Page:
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Wine Country: Chile

With five centuries of wine-making experience behind them, it's no wonder that Chilean winemakers are harvesting the benefits of hard work, a pleasant climate, good soils and perseverance in the wide - and growing - scope of their wines.

Long and thin, Chile has a lot of land north to south with a terrific diversity of climate and geography. With the Atacama dessert to the north and the desolate ice-fields of Patagonia to the south, the scope for winemaking is confined to a small central belt of the country with a moderate climate. Wine has been made in Chile for centuries. The art of winemaking started in Chile with The Catholic missionaries, since they needed wine to celebrate the sacrament during mass. The first professional vineyards were recorded in Copiapo 1554.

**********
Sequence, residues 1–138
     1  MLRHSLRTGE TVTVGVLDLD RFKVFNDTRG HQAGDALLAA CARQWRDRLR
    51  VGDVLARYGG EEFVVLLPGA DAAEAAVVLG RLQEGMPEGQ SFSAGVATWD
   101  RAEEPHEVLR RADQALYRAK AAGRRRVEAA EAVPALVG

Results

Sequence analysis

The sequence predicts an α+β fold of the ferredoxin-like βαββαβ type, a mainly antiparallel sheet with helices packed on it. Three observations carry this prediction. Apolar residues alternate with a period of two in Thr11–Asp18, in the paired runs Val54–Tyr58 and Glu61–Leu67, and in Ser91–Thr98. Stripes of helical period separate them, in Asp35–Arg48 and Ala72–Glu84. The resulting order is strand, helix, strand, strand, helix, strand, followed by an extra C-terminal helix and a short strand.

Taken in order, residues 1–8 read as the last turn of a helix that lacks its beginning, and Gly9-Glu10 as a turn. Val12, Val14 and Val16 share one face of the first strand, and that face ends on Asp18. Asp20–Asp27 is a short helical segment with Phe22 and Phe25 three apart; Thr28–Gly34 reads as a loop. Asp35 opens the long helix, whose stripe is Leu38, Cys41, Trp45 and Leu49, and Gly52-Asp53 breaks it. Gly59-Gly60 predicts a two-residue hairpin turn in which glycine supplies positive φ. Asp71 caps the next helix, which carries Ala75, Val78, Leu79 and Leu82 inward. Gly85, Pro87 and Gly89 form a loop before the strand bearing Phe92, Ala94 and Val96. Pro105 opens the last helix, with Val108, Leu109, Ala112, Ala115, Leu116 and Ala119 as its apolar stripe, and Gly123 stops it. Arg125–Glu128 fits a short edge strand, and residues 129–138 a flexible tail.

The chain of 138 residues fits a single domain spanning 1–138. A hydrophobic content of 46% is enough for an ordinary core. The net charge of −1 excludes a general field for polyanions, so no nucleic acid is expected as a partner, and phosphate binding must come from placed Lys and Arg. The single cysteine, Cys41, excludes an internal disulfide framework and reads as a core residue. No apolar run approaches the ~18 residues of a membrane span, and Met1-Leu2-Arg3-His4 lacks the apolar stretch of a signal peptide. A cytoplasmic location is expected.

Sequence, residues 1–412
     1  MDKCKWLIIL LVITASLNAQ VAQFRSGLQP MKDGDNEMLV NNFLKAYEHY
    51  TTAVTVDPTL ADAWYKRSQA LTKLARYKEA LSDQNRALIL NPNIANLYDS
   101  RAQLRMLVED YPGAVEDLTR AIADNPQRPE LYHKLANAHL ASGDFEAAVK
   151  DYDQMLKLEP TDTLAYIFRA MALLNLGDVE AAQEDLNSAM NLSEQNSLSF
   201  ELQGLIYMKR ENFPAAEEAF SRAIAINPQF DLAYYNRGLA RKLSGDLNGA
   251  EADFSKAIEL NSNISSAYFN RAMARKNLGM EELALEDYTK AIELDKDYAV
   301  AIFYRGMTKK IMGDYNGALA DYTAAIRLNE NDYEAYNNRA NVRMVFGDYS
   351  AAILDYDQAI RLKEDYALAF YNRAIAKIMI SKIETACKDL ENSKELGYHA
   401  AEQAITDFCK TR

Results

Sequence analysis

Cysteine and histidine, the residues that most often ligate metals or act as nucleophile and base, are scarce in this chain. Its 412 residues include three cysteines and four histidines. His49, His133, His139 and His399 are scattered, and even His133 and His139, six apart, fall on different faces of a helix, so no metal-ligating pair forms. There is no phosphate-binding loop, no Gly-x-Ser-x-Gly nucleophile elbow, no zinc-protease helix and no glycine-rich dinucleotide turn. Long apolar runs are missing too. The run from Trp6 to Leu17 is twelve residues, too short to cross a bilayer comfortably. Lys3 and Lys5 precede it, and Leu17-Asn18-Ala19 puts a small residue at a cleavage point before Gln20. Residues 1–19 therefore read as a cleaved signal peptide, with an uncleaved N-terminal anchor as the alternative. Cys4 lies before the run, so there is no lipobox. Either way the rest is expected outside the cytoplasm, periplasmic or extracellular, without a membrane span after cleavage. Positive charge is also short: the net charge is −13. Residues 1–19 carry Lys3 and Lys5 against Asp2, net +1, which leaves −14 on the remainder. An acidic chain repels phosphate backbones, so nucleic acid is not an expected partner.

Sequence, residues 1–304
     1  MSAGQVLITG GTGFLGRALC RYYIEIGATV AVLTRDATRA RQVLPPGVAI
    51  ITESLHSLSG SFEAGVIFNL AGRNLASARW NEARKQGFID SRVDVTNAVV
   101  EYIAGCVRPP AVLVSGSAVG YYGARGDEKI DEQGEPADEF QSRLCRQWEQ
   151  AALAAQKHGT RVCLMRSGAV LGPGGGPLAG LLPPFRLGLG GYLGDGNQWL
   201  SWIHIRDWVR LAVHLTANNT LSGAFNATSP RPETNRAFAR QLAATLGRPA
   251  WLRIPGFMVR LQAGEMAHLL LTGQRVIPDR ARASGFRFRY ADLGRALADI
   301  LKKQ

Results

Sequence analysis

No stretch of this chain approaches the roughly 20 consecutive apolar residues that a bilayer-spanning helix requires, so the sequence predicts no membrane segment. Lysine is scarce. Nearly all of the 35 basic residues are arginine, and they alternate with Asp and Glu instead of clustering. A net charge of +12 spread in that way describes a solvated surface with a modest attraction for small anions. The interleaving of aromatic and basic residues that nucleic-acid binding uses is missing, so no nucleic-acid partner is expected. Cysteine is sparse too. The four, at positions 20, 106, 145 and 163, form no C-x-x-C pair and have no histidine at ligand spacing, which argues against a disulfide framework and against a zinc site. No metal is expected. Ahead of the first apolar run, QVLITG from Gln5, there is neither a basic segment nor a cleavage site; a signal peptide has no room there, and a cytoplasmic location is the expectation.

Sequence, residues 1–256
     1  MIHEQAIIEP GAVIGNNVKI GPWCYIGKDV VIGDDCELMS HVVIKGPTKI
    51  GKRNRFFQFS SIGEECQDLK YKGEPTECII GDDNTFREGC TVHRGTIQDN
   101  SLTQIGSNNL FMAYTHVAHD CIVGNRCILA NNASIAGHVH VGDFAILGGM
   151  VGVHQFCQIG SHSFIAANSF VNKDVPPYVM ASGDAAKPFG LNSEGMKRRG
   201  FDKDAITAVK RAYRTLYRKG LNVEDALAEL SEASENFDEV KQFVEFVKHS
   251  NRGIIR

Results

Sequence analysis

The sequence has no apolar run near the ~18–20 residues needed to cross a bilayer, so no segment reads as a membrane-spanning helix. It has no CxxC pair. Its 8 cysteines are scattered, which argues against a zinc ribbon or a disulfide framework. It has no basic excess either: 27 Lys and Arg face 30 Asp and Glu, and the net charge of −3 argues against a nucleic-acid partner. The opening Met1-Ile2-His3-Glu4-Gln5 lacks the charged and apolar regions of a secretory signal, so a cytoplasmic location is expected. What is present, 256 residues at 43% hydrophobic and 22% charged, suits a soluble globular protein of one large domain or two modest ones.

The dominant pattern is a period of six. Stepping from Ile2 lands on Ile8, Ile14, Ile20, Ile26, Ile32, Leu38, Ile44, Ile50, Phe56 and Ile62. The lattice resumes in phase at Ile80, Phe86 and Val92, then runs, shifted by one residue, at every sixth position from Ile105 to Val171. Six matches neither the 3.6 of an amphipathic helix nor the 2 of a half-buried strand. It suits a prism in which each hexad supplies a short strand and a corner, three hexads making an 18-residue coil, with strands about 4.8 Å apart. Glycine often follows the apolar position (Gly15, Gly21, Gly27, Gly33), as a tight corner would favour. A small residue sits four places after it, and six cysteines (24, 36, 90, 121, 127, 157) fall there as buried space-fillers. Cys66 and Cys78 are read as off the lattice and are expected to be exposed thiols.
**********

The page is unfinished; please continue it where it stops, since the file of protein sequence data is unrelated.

But it was centuries later in the 1990's that Chile stepped up and received international recognition for its quality wines. This was fuelled partly by the pouring of international technology, expertise and investment into Chile. Its quality wines burst onto the international market offering fruity oaky Chardonnays, juicy ripe Cabernet Sauvignon and Merlot at lower prizes compared to the other countries.

Chilean wines continue to grow in popularity today. The main wine regions of Chile include Maipo, known for reds like Merlot, Cabernet Sauvignon and Carmenere; Casablanca Valley, a newer region producing delicious Sauvignon Blancs, as well as other whites & reds; Colchaugua, an even newer district creating amazing red wines from Syrah to Cabernet Sauvignon. Lastly, Rapel Valley, settled right under Maipo and producing the same red varietals. Chilean wines are growing in exports and more consumers are enjoying the delicious values coming from the country.